The breadth of titles targeting today's GLBT audience continues to expand, with weighty topics ranging from wartime memoirs and tomes on gay marriage to such lighthearted fare as boy-meets-boy romances and steamy sex scenes. But is expansion per se what's needed these days? Might publishers be missing the proverbial boat? No, and yes, says Alyson Books publisher Don Weise.

“One of the most common misconceptions about today's gay and lesbian literature is that it's written for a 'gay audience,' whatever that might mean. While there are indeed books that would be of interest to most any gay person, I think the majority of our work speaks to particular segments of the community.

“Personally, I'm less interested in a book that's so bland or inoffensive that anyone might pick it up,” he continues. “That doesn't always make the best sense commercially, but I'd lose my mind if I acquired only with an eye to luring in the most people possible. I believe you can sell to just as many readers by targeting gay and lesbian subgroups whose particular needs haven't been sufficiently met through books. This can be anyone from gay men in recovery to lesbians in long-term relationships. It's critical to know who exactly a book is for and how you're going to reach that audience. To me, shooting for that monolithic gay reader is much more risky.”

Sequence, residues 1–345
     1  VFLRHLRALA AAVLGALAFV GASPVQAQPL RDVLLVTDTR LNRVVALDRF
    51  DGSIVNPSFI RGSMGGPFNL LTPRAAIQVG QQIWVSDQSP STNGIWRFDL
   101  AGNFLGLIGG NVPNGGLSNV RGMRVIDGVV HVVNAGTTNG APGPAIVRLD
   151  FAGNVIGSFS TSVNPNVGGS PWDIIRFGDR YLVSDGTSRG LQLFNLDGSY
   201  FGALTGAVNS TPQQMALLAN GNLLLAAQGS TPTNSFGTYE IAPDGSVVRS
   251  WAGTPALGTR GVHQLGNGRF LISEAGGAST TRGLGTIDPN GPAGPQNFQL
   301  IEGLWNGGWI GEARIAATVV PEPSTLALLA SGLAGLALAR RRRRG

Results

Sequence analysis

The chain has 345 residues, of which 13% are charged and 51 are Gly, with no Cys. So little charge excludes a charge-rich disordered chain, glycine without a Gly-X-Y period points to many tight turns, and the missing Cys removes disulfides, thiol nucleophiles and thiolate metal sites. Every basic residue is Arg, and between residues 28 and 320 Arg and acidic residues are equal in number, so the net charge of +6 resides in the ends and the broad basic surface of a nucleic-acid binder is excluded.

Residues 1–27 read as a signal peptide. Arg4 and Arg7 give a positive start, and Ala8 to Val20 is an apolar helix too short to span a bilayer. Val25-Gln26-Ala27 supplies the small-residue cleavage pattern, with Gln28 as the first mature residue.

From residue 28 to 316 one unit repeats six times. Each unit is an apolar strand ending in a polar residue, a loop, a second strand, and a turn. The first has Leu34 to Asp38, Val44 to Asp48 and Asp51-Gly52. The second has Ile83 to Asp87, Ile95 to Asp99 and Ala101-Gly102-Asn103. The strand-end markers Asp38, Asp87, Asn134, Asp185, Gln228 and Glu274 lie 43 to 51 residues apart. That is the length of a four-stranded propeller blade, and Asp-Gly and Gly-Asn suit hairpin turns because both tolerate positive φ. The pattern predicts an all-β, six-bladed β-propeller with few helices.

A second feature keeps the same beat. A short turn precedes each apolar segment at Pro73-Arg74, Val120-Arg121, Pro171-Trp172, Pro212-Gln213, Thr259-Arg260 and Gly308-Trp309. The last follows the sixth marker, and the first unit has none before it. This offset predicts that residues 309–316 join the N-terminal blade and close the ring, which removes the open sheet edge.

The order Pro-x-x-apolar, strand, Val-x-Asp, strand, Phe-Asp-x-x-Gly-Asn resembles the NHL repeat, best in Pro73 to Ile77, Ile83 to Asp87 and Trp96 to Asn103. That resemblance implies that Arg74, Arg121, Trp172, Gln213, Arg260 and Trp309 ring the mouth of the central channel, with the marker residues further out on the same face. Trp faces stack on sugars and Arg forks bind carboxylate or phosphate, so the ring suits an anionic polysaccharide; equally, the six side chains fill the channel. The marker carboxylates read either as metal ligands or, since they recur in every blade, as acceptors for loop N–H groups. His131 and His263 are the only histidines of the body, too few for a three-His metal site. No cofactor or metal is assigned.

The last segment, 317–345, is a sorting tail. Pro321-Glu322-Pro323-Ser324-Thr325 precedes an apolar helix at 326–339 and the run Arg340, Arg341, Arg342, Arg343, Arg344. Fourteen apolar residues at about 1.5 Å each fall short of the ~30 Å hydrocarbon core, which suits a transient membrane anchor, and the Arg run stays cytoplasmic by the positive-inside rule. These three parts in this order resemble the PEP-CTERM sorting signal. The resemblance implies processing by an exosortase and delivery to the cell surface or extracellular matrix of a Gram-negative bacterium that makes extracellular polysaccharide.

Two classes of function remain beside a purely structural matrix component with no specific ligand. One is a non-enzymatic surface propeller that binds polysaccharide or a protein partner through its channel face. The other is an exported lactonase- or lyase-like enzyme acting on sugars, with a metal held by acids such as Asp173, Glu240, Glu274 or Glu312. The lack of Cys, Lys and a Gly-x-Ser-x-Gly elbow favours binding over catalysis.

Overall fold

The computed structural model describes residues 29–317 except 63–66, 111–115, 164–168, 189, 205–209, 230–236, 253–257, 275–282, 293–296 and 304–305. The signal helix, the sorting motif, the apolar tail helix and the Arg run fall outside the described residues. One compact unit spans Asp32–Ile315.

The following forthcoming books present a targeted, “something for everybody” approach, leading off with nonfiction works—and a title that will doubtless surprise many readers.

Grant Wood, gay man—who knew? Says Tripp Evans, author of Knopf's Grant Wood: A Life, “I see Wood's life as a cautionary—and heartbreaking—tale about answered prayers. With the unprecedented success of 1930's American Gothic, this talented, deeply closeted artist found himself playing a role for which he was completely unprepared: America's Painter.” Knopf publicity director Nicholas Latimer reports, “It's very serious and wonderfully juicy at the same time.”

Yes, Virginia, there was gay life in the conformist Eisenhower era. An intriguing combination of gay history and culture is presented in Gay Bar: The Fabulous, True Story of a Daring Woman and Her Boys in the 1950s by Will Fellows and Helen Branson. The October University of Wisconsin Press title chronicles Branson's remarkable story: a grandmother in her 60s who ran a gay bar in Hollywood in the '50s—America's most antigay decade. When Fellows discovered a copy of Branson's 1957 book, he decided to intersperse her original chapters with chapters of his research, biographical sleuthing, commentary, and context.